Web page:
Saskboy's Abandoned Stuff: Wind Will Be Cheaper Than Natural Gas

Will be? Naw, it has been for years. Still, SaskPower is building another 350MW of natural gas to go online in 2019, while building far less than 300MW of wind power by then. They’ve a target of 50% renewable generation by 2030, and still wind is far less than 5% of the grid total. Clearly ...

Accidental Deliberations: Friday Afternoon Links

Assorted content to end your week. – John Paul Tasker reports on the federal government’s plans to close some loopholes which allow the use of small corporations in order to avoid income taxes. And Andrew Jackson writes that we should support that first step toward a fairer tax system. But the Star points out that ...

Things Are Good: Tonawanda Provides a Template for Transitioning a Town’s Economy from Coal

Globally, coal is on the way out and in America small towns are suffering because coal demand is dropping. The predictable plight of coal-backed small towns in the USA has some politicians trying to bailout the coal industry in order to protect jobs, which is obviously the wrong approach. Instead, what those backwards-looking politicians should ...

Saskboy's Abandoned Stuff: Government of Canada To Open Data on Energy Use?

The Liberals Government has done squat in Regina since coming to power, when it comes to (hydro) power generation. I’ve produced over 5 MWh of solar power, and sent almost 3 MWh of that onto the electrical grid, while three layers of government in Regina have produced a whopping goose egg, 0 MWh. “The Government ...

Accidental Deliberations: Thursday Afternoon Links

This and that for your Thursday reading. – Des Cohen discusses how economic inequality has developed – and how it’s now rewarding people for doing nothing more than worsening its effects. And Chase Burghgrave interviews Elizabeth Anderson about the employer-based power which is used to keep American workers in line: You describe the authority of ...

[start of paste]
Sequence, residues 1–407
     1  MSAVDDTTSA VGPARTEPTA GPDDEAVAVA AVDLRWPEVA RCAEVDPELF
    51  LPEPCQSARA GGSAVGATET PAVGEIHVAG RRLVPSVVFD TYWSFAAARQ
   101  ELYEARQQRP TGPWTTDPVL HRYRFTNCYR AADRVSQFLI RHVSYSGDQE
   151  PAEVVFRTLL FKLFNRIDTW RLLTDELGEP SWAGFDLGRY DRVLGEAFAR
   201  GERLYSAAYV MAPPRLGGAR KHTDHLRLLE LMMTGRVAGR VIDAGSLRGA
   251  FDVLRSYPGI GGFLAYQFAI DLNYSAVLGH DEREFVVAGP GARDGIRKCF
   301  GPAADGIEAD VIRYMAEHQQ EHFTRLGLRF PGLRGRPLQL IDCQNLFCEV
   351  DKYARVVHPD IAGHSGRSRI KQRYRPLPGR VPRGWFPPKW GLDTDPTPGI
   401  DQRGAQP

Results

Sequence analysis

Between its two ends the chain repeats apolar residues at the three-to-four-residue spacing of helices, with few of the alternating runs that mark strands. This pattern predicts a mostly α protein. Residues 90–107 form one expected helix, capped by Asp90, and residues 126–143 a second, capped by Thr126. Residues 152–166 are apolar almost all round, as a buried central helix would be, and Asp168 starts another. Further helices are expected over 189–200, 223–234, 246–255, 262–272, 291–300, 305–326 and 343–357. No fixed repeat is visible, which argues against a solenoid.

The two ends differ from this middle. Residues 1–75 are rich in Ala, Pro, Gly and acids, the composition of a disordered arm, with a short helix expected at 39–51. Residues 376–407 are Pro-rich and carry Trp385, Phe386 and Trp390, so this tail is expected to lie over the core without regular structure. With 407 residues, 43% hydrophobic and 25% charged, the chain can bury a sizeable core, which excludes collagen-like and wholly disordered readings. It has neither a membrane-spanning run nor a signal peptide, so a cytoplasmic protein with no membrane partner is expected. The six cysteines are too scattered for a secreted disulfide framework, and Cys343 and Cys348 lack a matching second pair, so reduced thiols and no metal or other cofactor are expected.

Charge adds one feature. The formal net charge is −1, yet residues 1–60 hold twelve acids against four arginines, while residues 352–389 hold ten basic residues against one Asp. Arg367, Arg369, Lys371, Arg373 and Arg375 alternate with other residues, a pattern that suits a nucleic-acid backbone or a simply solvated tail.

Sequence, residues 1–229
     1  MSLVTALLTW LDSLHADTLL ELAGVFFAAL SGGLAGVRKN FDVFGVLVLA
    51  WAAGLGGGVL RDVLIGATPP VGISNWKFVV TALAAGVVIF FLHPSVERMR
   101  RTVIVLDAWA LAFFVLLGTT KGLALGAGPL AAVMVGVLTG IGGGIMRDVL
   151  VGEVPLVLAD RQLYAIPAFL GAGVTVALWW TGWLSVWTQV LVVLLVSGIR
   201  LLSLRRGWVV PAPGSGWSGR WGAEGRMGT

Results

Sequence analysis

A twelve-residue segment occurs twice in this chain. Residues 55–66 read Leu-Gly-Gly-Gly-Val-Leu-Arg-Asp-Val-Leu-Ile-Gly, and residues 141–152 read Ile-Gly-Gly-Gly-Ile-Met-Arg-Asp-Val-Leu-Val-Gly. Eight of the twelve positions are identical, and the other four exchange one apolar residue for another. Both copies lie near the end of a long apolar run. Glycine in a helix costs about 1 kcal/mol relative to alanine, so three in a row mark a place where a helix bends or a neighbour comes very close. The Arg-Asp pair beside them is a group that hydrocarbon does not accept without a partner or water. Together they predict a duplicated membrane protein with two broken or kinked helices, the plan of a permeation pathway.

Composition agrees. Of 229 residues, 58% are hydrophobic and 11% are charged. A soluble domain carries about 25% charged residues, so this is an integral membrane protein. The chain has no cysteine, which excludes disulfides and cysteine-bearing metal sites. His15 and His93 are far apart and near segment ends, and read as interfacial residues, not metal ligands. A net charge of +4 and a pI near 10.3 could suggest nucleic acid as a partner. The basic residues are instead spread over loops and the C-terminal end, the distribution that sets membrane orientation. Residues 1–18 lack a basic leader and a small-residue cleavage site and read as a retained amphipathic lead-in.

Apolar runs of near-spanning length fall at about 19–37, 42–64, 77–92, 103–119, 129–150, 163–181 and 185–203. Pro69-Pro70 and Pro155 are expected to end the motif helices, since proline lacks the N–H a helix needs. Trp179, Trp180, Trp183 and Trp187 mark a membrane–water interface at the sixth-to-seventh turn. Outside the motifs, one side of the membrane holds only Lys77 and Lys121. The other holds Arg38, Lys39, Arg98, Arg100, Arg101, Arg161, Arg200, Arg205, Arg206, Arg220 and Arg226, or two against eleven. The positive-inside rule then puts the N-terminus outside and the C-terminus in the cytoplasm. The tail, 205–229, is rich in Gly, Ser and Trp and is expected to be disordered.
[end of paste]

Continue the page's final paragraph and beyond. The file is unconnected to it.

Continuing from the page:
Things Are Good: Coal Museum Powered by Solar Panels

If the end of coal wasn’t obviously upon us, it is now. The Kentucky Coal Museum has switched to solar power for energy and cost savings. Yes, in what might be a wonderful display of irony, the museum centred on celebrating the region’s coal culture has switched to a green energy source. “It’s a little ...

Accidental Deliberations: Sunday Morning Links

This and that for your Sunday reading. – Abi Wilkinson writes about the importance of making social benefits universal in order to reflect a sense of shared interests and purpose: Universal aspects of the welfare state tend to be thought of as the fruit of common endeavour. The NHS tops the list of things that ...

Saskboy's Abandoned Stuff: SaskPower Is Going To Miss Target

March 16, 2017 Dear Editor, People should be asking how SaskPower intends to meet the 50% renewable electricity by 2030 target set by the Premier over a year ago. Since that announcement, a 350 MegaWatt (MW) natural gas burning plant has been planned for opening in 2019. A 170 MW wind installation is planned for ...

Saskboy's Abandoned Stuff: Sustainable Fossil Fuel Myths